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Pervasive effects of Wolbachia on host temperature preference

Citation

Hague, Michael; Caldwell, Chelsey; Cooper, Brandon (2020), Pervasive effects of Wolbachia on host temperature preference, Dryad, Dataset, https://doi.org/10.5061/dryad.j9kd51c8r

Abstract

Heritable symbionts can modify a range of ecologically important host traits, including behavior. About half of all insect species are infected with maternally transmitted Wolbachia, a bacterial endosymbiont known to alter host reproduction, nutrient acquisition, and virus susceptibility. Here, we broadly test the hypothesis that Wolbachia modify host behavior by assessing the effects of eight different Wolbachia strains on the temperature preference of six Drosophila melanogaster-subgroup species. Four of the seven host genotypes infected with A-group Wolbachia strains (wRi in D. simulanswHa in D. simulanswSh in D. sechellia, and wTei in D. teissieri) prefer significantly cooler temperatures relative to uninfected genotypes. Contrastingly, when infected with divergent B-group wMau, D. mauritiana prefer a warmer temperature. For most strains, changes to host temperature preference do not alter Wolbachia titer. However, males infected with wSh and wTei experience an increase in titer when shifted to a cooler temperature for 24 hours, suggesting that Wolbachia-induced changes to host behavior may promote bacterial replication and influence Wolbachia transmission rates. Modifications to host temperature preference likely influence host thermoregulation, and understanding the fitness consequences of these effects is crucial for predicting evolutionary outcomes of host-symbiont interactions, including how Wolbachia spread to become common.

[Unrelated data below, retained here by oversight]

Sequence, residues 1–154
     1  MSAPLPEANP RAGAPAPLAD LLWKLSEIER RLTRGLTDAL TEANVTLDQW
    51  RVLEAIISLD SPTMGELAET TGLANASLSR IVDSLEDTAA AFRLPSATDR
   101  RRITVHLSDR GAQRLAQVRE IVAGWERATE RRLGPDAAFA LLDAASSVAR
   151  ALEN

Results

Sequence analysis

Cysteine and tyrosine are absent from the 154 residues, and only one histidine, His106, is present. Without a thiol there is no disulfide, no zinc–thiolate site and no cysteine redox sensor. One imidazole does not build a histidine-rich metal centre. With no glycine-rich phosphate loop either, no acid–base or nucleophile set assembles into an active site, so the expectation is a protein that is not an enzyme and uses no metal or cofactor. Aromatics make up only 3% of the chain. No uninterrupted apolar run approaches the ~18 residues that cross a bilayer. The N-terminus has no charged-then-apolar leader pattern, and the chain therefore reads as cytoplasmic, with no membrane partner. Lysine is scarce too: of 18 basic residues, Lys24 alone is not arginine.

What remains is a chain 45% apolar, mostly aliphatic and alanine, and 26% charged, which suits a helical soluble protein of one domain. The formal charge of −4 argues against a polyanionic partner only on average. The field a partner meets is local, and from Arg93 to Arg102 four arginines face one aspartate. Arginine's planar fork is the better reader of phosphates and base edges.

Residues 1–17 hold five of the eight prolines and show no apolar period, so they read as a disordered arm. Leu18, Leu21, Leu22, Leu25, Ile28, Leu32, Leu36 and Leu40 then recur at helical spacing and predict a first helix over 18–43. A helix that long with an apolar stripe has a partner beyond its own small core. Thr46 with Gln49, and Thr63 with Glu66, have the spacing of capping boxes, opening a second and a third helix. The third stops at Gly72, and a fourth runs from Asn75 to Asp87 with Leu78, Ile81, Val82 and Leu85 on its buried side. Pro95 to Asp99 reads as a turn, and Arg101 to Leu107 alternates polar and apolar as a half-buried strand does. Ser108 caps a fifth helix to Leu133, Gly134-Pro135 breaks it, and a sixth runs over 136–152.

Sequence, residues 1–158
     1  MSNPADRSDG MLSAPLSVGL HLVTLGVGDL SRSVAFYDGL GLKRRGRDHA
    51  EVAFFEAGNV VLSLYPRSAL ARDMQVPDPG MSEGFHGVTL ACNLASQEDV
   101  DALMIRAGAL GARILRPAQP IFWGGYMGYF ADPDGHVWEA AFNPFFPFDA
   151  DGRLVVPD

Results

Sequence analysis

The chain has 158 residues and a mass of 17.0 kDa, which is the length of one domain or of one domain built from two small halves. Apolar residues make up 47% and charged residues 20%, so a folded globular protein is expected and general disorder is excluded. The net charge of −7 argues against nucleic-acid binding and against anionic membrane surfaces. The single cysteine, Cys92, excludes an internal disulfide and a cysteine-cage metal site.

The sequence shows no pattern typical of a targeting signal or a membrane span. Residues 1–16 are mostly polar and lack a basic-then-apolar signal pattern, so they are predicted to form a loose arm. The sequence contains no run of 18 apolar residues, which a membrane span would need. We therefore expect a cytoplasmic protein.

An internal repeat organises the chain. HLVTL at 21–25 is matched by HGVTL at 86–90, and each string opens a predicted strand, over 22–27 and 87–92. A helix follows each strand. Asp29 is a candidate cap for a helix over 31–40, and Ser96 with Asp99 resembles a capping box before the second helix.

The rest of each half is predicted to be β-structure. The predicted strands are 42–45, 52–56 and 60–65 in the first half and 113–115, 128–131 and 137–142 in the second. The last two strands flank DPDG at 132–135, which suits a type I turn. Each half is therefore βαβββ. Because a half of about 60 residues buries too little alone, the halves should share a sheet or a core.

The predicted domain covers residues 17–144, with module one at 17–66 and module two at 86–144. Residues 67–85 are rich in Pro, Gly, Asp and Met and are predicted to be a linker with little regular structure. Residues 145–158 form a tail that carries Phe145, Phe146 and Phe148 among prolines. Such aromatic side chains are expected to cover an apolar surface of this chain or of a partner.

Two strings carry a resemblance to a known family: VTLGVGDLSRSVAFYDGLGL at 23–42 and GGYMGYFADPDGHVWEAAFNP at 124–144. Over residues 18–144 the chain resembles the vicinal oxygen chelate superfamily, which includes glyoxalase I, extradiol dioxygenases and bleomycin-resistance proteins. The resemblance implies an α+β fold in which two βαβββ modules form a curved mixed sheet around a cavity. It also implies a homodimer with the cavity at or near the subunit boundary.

Funding

National Institutes of Health, Award: R35GM124701